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Guest Commentary / September 13, 2022

Elvis Presley: An American Tragic Hero

Only Elvis can answer whether the price he paid for his fame was worth it.

By Mark Fowler

“But possessions bring friends, I admit that. But false ones and it provides them not for you but for itself.” —Erasmus of Rotterdam

Elvis Presley died 45 years ago last month. His end was tragic, but so typical of rock and roll musicians. In poor health; addicted to a deadly cocktail of prescription medicines; betrayed by friends, his physician, and business manager; and overcome and consumed by his fame and fortune, he lost his way in the later years of his life. Human existence is confounding and difficult for those born in poverty or besieged by loss. Elvis suffered from both of those. Elvis was born in 1935, the sixth year of the Great Depression, to parents who were poorly educated and ill prepared to cope with the fame that followed Elvis’s success. His mother appears to have been somewhat neurotic, obsessed with the death of Elvis’s twin brother, and ever fearful that she would also lose Elvis. No doubt this affected her relationship with him and affected his perception of the world as well.

Elvis and his parents had a hardscrabble life. His father was found guilty of altering a check and spent some time in prison, which must have been yet another shock to the fragile psyche of the three-year-old boy. When in Mississippi, the Presley family lived in a largely black neighborhood at a time when segregation was de rigueur. Moving from Tupelo, Mississippi, to Memphis, Tennessee, they lived in a housing project in the poorer part of Memphis.

His parents gave him a guitar at age 10, but by age 13, his music teacher told him he had no talent as a singer. Elvis was a bit odd as a teen, bullied by some at Humes High School for his odd ways, including dying his hair black. His family attended the Assembly of God church, where he learned to love Gospel music and must have been influenced by black spirituals.

Elvis was unnaturally close to his mother, and one of his early songs, “That’s all right Mama,” was dedicated to his mother. Her premature death in 1958 left a gaping hole in his life.

Fate brought Elvis to Sun Studios in Memphis, where his iconic sound launched his career. In 1954, Elvis appeared at the Louisiana Hayride and his meteoric rise to fame began. His commercial breakout was “Hound Dog” appearing on “The Milton Berle Show.” Like Buddy Holly, Elvis infused his music with what was considered “negro” rhythm and a thinly concealed exuberant sexuality, which offended many sensibilities. Ed Sullivan would only broadcast him from the waist up. Steve Allen forced him to sing in a tuxedo and tails so he could not gyrate.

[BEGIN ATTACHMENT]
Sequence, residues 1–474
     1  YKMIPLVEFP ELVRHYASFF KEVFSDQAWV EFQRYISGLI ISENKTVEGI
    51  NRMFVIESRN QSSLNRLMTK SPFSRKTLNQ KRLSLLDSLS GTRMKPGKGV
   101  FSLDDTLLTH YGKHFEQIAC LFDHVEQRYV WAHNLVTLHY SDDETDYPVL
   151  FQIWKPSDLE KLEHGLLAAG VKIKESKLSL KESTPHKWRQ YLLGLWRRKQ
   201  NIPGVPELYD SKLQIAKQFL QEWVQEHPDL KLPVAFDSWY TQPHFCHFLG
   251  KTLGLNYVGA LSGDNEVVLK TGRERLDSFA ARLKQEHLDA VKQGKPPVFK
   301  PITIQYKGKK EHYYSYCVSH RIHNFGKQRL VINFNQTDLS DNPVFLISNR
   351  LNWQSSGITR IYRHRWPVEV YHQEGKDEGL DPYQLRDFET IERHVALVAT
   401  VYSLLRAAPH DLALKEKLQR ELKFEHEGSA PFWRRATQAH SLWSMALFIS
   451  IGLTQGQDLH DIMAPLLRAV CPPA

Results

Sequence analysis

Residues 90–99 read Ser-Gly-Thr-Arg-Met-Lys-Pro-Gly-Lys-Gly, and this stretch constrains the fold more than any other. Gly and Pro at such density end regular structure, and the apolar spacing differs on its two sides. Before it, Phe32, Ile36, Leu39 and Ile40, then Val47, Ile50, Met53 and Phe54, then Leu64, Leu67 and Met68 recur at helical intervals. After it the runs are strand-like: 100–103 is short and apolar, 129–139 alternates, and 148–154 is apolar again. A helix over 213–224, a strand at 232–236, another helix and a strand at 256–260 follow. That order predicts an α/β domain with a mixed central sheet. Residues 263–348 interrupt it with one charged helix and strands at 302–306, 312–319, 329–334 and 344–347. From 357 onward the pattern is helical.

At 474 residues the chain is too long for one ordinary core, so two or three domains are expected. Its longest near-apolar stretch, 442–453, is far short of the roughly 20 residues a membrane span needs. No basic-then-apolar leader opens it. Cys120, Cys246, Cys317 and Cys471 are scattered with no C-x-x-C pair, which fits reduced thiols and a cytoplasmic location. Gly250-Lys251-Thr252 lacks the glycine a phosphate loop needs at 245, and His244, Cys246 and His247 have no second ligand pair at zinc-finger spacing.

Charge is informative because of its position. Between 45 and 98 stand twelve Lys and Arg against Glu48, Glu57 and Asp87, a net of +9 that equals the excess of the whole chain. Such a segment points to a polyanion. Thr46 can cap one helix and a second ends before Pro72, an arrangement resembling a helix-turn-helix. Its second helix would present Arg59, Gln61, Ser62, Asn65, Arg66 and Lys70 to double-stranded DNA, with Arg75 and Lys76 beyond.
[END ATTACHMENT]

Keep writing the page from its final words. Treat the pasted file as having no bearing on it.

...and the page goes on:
Elvis’s success and his downfall were delivered by Col. Tom Parker, a Dutch expatriate and, for lack of a better phrase, a scoundrel. Capable of extreme manipulation and governed by considerable greed while retaining a shrewd business sense, he guided Elvis along the path to success. During the early part of his career, while being assailed for overly suggestive sexual conduct, Parker arranged for Elvis to join the U.S. Army for the purpose of burnishing his character. What remains unanswered is how well Elvis might have done without Parker.

In the extraordinarily brilliant movie “Elvis,” the love-hate symbiosis between Elvis and Parker is portrayed with remarkable skill by Austin Butler, playing a very believable Elvis, and Tom Hanks, delivering a powerful portrayal of Parker. An intensely human side of Elvis is revealed in this movie. His naivete about Parker evolves into gullibility. He becomes seduced by and then overwhelmed with the burdens of fame, fortune, access to women, and controlled substances. One senses a deep chasm of emptiness in Elvis and his powerful drive to fill that emptiness with his performance. He lived to satisfy and relate to his audience with an energy that can only be driven by ferocious intensity. Emptiness is the source of his drive, his success, and his downfall.

Elvis’s descent into depravity was his own but aided and abetted by Col. Parker’s self-serving delivery of fame and fortune, by the sycophancy of his friends, and by the betrayal of his physician, Dr. “Nick” Nichopolous, who administered a cocktail of drugs to sustain Elvis’s lifestyle. I had always thought that Elvis was fundamentally decent, with a kindness and vulnerability that was revealed in his interviews. Colin Powell mentions Elvis in his memoirs as a decent, trustworthy soldier. Ed Sullivan praised his decency on air. Elvis paid an enormous price for his success, not the least of which was this decency.

At the end of his life, he had largely, but not completely, lost his way. Recognizing that his lifestyle was unhealthy, he tried to change. It was too late. He died of a heart attack at age 42. It was a tragic end and a waste of talent and life. On the other hand, Elvis might not have aged well at all. He feared not being remembered, and as time passed his talents would no doubt diminish, leaving him irrelevant.

Elvis was the bestselling solo music artist of all time, selling 500 million records worldwide over his career.

Only Elvis can answer whether the price he paid for his fame was worth it. One hopes it was to him. And we can find a clue in a clip of his last performance. While playing “Unchained Melody,” he appears unhealthy. He trembles. He can barely stand. Yet he brings the same power and emotion he had always brought to his performances. And at the last stanza there is a brilliant expression of joy on his face that tells you he is complete.

Thank you for sharing your gifts with us, Mr. Presley. Rest in peace.

Mark W. Fowler is a board-certified physician and former attorney. He can be reached at [email protected]

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